Stop and stare at the umpire - I
Manoj Tiwary was trapped in front by Dhawal Kulkarni, but he couldn't believe it when the decision went against him. He froze. He stared. He remained frozen. He eventually stirred and left the scene.
Stop and stare at the umpire - II
Ambati Rayudu was gobsmacked when he was given out caught behind. It was a bouncer from Jacques Kallis and the ball flew over the flashing blade to take refuge in Shreevats Goswami's gloves. Kallis kept on running towards the keeper who too had started his celebrations. A puzzled Rayudu had a wry smile, perhaps wondering what all the fuss was about. He had a quick look across at the umpire; so did the rest of the field. Asad Rauf's index finger went up. A stunned Rayudu yanked off his helmet and looked again at Rauf, with his mouth wide open. At long last, he left the crime scene.
Bounce, bounce till you succeed
Everybody knows that the best place to bowl at Yusuf Pathan is at the head. His Indian team-mate Munaf Patel didn't shy from trying out that strategy in the 13th over. He bounced once and it flew off the top edge over the keeper. The second bouncer was swatted uncomfortably to fine-leg and third was mis-hit over midwicket. Yusuf reclaimed strike for the final delivery and Munaf banged it short again. Yusuf tried to flat-bat it out of the park but couldn't clear long-on.
Times, they are a-changing
Munaf used to be a poor fielder. Used to be. Nowadays he gets irate when his team-mates slip below his standards. The proof of the pudding arrived in the 16th over when Kulkarni chose not to go for a risky catch at third man, preferring the stop the ball on the bounce. Munaf, the bowler, wasn't impressed. He stood there, hands on the hip before slowly turning and suggesting to another team-mate that he thought Kulkarni should have gone for the catch. Later, in the final over of Kolkata's innings, when Brett Lee steered a short ball to his left at short third man, Munaf rushed across and threw in a dive to prevent the boundary. Now Kulkarni, that's how you do it.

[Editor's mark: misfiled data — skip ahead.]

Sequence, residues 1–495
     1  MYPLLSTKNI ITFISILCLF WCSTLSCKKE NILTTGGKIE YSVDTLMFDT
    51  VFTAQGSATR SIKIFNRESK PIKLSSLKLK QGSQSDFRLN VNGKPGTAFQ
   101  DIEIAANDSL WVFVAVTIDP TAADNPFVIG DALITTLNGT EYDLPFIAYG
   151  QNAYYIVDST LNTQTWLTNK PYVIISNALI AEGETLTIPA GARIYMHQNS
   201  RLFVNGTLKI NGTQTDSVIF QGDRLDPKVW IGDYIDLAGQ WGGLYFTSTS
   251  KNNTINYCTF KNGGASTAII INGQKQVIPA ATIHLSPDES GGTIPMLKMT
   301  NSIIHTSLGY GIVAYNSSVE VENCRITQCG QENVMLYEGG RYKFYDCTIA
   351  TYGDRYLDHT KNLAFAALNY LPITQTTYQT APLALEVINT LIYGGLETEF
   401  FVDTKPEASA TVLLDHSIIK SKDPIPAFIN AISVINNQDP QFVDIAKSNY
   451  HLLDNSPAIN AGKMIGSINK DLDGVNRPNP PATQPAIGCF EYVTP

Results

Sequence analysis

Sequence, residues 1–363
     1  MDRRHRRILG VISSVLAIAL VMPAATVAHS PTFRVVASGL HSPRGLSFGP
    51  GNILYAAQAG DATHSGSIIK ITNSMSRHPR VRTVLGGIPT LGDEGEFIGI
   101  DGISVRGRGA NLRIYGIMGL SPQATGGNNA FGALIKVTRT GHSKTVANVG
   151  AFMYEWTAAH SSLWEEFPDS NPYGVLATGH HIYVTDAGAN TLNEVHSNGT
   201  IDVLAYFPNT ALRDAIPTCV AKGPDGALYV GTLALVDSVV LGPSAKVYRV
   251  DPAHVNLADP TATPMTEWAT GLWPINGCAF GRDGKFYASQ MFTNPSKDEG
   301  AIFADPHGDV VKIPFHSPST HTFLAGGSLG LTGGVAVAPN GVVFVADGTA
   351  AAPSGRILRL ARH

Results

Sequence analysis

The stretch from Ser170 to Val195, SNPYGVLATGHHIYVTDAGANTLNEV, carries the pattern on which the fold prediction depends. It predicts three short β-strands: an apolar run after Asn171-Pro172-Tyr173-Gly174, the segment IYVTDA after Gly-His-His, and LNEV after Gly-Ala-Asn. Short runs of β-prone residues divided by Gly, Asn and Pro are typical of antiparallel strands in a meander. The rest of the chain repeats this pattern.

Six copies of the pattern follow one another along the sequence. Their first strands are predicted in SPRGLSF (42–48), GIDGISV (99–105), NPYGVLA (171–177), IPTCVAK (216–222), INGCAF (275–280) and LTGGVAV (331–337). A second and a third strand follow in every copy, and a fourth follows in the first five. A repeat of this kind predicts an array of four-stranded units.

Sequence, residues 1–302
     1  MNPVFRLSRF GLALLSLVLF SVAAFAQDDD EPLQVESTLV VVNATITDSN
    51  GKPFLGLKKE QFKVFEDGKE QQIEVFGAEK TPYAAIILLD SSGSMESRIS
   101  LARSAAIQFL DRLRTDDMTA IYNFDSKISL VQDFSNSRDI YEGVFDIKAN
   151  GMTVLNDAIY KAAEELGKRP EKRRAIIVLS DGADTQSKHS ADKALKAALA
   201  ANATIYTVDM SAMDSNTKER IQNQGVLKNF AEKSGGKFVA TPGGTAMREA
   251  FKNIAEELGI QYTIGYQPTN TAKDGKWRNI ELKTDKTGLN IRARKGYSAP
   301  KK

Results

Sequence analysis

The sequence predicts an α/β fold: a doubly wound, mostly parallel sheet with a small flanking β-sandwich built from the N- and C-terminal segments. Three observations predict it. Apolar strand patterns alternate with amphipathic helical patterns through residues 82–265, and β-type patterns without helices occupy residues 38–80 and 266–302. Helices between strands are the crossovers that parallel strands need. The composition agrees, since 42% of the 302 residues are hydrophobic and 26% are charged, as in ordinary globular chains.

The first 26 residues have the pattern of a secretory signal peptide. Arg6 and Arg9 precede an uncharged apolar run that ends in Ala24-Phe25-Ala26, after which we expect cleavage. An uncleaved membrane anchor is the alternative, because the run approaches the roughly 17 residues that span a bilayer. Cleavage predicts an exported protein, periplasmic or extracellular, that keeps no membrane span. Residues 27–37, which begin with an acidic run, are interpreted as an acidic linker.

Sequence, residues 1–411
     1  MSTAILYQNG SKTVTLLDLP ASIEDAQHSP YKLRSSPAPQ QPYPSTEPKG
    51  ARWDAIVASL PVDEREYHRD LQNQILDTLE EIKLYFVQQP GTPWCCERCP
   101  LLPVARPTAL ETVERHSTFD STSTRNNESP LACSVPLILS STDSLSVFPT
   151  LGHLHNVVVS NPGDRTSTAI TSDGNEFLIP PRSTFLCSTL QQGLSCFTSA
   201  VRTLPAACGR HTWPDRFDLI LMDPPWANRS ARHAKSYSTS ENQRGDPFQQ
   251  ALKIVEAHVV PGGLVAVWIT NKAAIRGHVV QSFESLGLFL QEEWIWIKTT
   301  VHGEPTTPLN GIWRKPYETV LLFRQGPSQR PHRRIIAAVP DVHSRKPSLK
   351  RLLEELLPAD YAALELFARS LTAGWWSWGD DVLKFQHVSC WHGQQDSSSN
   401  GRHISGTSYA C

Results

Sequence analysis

Protection can get you a boundary
Mumbai needed 15 runs from 12 when Lee hurled a bouncer at Harbhajan Singh. It had pace, the awkward height, and the uncomfortable line to fetch a game-turning wicket but it went away for a game-breaking four. Harbhajan was late on the pull, and not only were his tooth saved by the helmet, he also got some vital runs. The ball flew off the edge, crashed into the helmet grille and flew down to the fine-leg boundary.
Sriram Veera is a staff writer at ESPNcricinfo